U.S. Fish and Wildlife Service Designates Three New Ports for Wildlife
FOR IMMEDIATE RELEASE
Importers and exporters dealing in wildlife and wildlife products will soon be able to use three new ports of entry for their shipments, the U.S. Fish and Wildlife Service announced today.
Memphis, Tennessee; Louisville, Kentucky; and Houston, Texas, will officially become "designated ports" for wildlife trade on January 5, 2005. Service wildlife inspectors will process wildlife imports and exports at these locations, bringing the number of ports nationwide that handle all types of wildlife trade to 17.
"We are pleased to offer expanded inspection services to the wildlife trade community in these cities," said Kevin Adams, chief of the Service's Office of Law Enforcement. "This extension of our inspection operations also promises improved protection for wildlife."
Both Memphis and Louisville are hubs for major international express mail companies that move huge volumes of cargo each year. Memphis International Airport ranks as the world's largest processor of international airfreight, while the Louisville International Airport is the sixth largest handler of air cargo. Neither location, however, has previously been authorized to receive wildlife trade, which is regulated under Federal wildlife laws.
The Service has offered limited inspection services in Houston since the early 1980s, but businesses using this port were required to obtain special permits and pay additional inspection fees. Designation of this port will improve service and reduce costs for businesses and individuals shipping wildlife via the city's three airports and ocean port. Common imports and exports at this location include big game trophies, reptilian leather goods, scientific and museum specimens, live tropical fish, and wildlife curios.
By law, wildlife imports and exports must enter or leave the United States through a designated port, where they are inspected and cleared by Service wildlife inspectors. The system of designated ports (which funnels wildlife shipments through a limited number of locations) and related declaration, inspection, and clearance requirements help the Service ensure that wildlife trade complies with U.S. laws and treaties that protect species worldwide.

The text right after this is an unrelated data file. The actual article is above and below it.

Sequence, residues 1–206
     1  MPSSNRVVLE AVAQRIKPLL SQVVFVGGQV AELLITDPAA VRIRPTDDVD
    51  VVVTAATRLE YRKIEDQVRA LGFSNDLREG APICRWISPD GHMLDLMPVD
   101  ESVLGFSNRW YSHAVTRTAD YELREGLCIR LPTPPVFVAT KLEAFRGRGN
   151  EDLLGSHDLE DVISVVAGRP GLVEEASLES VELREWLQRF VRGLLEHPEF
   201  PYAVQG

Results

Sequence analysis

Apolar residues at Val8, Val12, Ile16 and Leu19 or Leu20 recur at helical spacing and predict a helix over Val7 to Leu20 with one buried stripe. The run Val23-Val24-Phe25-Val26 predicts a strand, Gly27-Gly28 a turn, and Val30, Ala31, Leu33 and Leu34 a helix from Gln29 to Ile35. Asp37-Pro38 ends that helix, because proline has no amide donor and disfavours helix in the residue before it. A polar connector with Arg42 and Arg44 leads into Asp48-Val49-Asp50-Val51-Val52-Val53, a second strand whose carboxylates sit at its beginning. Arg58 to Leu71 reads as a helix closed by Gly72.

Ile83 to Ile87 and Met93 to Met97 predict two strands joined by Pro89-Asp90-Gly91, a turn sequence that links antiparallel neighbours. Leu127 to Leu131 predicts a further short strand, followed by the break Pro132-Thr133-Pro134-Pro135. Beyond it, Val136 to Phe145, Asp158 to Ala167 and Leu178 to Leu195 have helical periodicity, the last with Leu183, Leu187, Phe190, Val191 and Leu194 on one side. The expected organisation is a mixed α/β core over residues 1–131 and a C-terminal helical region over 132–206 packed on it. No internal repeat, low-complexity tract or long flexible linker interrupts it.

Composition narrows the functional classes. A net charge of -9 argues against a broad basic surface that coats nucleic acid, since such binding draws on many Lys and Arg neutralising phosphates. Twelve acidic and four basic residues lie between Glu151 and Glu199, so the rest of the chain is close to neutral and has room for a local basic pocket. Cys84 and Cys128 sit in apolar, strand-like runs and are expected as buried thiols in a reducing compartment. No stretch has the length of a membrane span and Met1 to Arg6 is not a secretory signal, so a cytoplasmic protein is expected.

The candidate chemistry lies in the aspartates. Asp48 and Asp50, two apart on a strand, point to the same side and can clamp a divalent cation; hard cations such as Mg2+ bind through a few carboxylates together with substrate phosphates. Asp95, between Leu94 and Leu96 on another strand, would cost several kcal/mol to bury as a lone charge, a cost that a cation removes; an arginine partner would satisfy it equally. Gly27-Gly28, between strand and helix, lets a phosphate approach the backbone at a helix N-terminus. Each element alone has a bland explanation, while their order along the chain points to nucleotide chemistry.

The Service has hired and trained inspectors to monitor trade at the new designated ports of Memphis and Louisville, and is working with shipping companies, air carriers, and brokers in these cities to ensure that importers and exporters understand Service requirements for declaring and clearing wildlife shipments. Current inspection staff stationed in Houston will continue processing wildlife imports and exports at that location.
The Service selects designated ports based on such criteria as volume of wildlife shipments and geographic diversity. The agency already provides full wildlife inspection services at 14 other designated ports, including New York/Newark (a dual location port), Boston, Baltimore, Atlanta, Chicago, New Orleans, and Dallas/Fort Worth. The Service also maintains designated ports at Los Angeles, San Francisco, Seattle, Portland (Oregon), Anchorage, and Honolulu.
The wildlife inspection program serves as the Nation's front-line defense against illegal international wildlife trade. In fiscal year 2004, Service wildlife inspectors processed more than 146,400 wildlife shipments.
The U.S. Fish and Wildlife Service is the principal Federal agency responsible for conserving, protecting and enhancing fish, wildlife and plants and their habitats for the continuing benefit of the American people. The Service manages the 95-million-acre National Wildlife Refuge System, which encompasses 544 national wildlife refuges, thousands of small wetlands and other special management areas. It also operates 69 national fish hatcheries, 63 Fish and Wildlife Management offices and 81 ecological services field stations. The agency enforces federal wildlife laws, administers the Endangered Species Act, manages migratory bird populations, restores nationally significant fisheries, conserves and restores wildlife habitat such as wetlands, and helps foreign governments with their conservation efforts. It also oversees the Federal Assistance program, which distributes hundreds of millions of dollars in excise taxes on fishing and hunting equipment to state fish and wildlife agencies.
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Atlanta, GA 30345